Background Antimicrobial susceptibility testing of microorganisms is performed by either disc diffusion or broth dilution tests. In clinical use, the tests are often still performed manually although automated systems exist. Most systems, however, are based on turbidometric methods which have well-known drawbacks. Results In this study we evaluated isothermal micro calorimetry (IMC) for the determination of minimal inhibitory concentrations (MICs) of 12 antibiotics for five micro-organisms. Here we present the data for the 12 antibiotics and two representative microorganisms E. coli (a Gram-) and S. aureus (a Gram+). IMC was able to determine the MICs correctly according to CLSI values. Since MICs require 24 hours, time was not reduced. However, IMC provided new additional data – a continuous record of heat-producing bacterial activity (e.g. growth) in calorimetry ampoules at subinhibitory antibiotic concentrations. Key features of the heatflow (P) and aggregate heat (Q) vs. time curves were identified (tdelay and ΔQ/Δt respectively). Antibiotics with similar modes of action proved to have similar effects on tdelay and/or ΔQ/Δt. Conclusion IMC can be a powerful tool for determining the effects of antibiotics on microorganisms in vitro. It easily provides accurate MICs – plus a potential means for analyzing and comparing the modes of action of antibiotics at subinhibitory concentrations. Also IMC is completely passive, so after evaluation, ampoule contents (media, bacteria, etc.) can be analyzed by any other method desired. PMID:19470161

  11. Absorbed dose to water determination with ionization chamber dosimetry and calorimetry in restricted neutron, photon, proton and heavy-ion radiation fields.

    PubMed

    Brede, H J; Greif, K-D; Hecker, O; Heeg, P; Heese, J; Jones, D T L; Kluge, H; Schardt, D

    2006-08-01

    Absolute dose measurements with a transportable water calorimeter and ionization chambers were performed at a water depth of 20 mm in four different types of radiation fields, for a collimated (60)Co photon beam, for a collimated neutron beam with a fluence-averaged mean energy of 5.25 MeV, for collimated proton beams with mean energies of 36 MeV and 182 MeV at the measuring position, and for a (12)C ion beam in a scanned mode with an energy per atomic mass of 430 MeV u(-1). The ionization chambers actually used were calibrated in units of air kerma in the photon reference field of the PTB and in units of absorbed dose to water for a Farmer-type chamber at GSI. The absorbed dose to water inferred from calorimetry was compared with the dose derived from ionometry by applying the radiation-field-dependent parameters. For neutrons, the quantities of the ICRU Report 45, for protons the quantities of the ICRU Report 59 and for the (12)C ion beam, the recommended values of the International Atomic Energy Agency (IAEA) protocol (TRS 398) were applied. The mean values of the absolute absorbed dose to water obtained with these two independent methods agreed within the standard uncertainty (k = 1) of 1.8% for calorimetry and of 3.0% for ionometry for all types and energies of the radiation beams used in this comparison. PMID:16861773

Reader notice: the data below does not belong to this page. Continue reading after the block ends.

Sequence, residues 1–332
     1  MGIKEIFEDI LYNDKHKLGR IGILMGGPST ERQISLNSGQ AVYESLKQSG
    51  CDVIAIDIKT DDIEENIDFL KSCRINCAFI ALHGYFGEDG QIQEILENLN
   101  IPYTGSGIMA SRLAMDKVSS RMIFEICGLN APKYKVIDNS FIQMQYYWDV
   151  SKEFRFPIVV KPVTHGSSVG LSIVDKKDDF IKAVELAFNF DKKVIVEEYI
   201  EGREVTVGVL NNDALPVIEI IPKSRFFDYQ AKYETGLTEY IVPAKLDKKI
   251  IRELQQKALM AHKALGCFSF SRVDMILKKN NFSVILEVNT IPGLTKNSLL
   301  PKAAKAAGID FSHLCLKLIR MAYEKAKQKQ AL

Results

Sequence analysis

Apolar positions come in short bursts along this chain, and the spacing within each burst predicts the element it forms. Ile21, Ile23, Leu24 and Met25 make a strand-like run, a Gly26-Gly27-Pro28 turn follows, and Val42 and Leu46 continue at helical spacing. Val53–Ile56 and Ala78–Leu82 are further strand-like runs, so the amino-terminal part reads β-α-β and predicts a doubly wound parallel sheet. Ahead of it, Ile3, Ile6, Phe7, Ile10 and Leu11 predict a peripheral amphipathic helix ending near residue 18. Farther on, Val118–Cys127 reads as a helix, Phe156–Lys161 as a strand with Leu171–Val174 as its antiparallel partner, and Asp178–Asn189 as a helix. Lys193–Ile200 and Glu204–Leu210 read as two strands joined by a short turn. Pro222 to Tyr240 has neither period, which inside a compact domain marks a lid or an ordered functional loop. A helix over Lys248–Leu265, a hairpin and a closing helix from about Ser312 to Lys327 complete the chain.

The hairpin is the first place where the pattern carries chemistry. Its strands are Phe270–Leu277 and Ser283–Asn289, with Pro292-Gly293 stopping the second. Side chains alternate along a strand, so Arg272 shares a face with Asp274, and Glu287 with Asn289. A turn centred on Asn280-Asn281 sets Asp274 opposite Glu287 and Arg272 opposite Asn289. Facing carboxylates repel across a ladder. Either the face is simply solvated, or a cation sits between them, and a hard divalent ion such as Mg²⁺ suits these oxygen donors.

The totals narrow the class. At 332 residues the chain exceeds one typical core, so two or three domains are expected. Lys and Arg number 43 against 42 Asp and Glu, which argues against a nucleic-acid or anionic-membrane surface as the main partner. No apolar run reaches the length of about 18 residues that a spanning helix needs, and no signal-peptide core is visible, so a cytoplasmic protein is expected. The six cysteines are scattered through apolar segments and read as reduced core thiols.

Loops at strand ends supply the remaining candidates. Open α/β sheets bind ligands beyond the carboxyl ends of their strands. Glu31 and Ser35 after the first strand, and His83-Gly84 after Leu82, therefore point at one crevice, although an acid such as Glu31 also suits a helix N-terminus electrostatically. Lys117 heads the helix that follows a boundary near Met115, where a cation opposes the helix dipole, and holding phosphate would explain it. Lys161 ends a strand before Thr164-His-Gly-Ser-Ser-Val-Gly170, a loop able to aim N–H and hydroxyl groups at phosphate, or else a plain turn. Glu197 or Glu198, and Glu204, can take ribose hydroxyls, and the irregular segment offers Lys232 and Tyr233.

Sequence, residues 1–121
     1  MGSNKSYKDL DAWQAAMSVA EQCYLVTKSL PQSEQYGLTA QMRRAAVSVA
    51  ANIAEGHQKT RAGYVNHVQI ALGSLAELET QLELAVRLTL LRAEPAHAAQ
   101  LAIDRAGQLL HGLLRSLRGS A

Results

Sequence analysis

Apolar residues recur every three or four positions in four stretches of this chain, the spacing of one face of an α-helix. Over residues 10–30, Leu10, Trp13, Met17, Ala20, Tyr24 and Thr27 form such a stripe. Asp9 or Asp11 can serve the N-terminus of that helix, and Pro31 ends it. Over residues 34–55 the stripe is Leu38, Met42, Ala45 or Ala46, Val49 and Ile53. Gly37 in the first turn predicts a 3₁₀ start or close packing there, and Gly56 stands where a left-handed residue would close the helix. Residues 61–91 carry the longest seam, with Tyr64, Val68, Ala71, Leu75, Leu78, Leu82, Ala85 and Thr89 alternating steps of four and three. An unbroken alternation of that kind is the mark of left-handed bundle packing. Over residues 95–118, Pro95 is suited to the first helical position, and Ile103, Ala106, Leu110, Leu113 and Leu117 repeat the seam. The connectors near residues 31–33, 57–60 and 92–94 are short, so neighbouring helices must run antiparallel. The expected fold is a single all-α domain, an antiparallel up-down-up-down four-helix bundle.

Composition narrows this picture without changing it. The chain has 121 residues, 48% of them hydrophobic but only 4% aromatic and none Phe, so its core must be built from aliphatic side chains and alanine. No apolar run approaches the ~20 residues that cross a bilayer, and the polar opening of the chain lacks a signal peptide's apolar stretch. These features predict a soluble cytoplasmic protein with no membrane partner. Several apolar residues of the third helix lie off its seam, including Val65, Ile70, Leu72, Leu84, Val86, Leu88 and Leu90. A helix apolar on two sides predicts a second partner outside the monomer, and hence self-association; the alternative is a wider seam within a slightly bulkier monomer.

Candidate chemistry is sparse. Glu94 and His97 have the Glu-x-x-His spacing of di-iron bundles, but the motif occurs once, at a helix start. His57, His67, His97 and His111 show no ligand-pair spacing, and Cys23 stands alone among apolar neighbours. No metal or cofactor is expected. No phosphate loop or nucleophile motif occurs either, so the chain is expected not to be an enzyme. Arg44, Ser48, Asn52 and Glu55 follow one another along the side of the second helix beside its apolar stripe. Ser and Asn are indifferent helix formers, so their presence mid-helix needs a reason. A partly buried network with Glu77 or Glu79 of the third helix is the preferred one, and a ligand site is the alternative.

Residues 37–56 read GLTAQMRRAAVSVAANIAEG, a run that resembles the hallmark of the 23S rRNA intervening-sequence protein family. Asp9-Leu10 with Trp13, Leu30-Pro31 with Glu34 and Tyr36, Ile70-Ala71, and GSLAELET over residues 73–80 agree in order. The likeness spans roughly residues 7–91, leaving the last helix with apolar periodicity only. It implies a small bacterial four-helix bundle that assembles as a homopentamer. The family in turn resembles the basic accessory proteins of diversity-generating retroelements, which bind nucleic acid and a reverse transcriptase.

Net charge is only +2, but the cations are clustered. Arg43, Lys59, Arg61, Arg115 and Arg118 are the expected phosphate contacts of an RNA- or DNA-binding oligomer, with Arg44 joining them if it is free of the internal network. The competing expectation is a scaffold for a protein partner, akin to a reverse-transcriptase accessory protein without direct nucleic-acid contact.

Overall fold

12. Two-Phase Calorimetry. II. Studies on the Thermodynamics of Cesium and Strontium Extraction by Mixtures of H+CCD- and PEG-400 in FS-13

    SciTech Connect

    Zalupski, Peter R.; Herbst, R. S.; Delmau, Laetitia Helene; Martin, L. R.; Peterman, D. R.; Nash, Ken L

    2010-01-01

    Thermochemical characterization of the partitioning of cesium and strontium from nitric acid solutions into mixtures of the acid form of chlorinated cobalt dicarbollide (H+CCD-) and polyethylene glycol (PEG-400) in FS-13 diluent has been completed using isothermal titration microcalorimetry and radiotracer distribution methods. The phase transfer reaction for Cs+ is a straightforward (H+ for Cs+) cation exchange reaction. In contrast, the extraction of Sr2+ does not proceed in the absence of the co-solvent molecule PEG-400. This molecule is believed to facilitate the dehydration of the Sr2+ aquo cation to overcome its resistance to partitioning. The phase transfer reactions for both Cs+ and Sr2+ are enthalpy driven (exothermic), but partially compensated by an unfavorable entropy. The results of the calorimetry studies suggest that the PEG-400 functions as a stoichiometric phase transfer reagent rather than acting simply as a phase transfer catalyst or phase modifier. The calorimetry results also demonstrate that the extraction of Sr2+ is complex, including evidence for both the partitioning of Sr(NO3)+ and endothermic ion pairing interactions in the organic phase that contribute to the net enthalpic effect. The thermodynamics of the liquid-liquid distribution equilibria are discussed mainly considering the basic features of the ion solvation thermochemistry.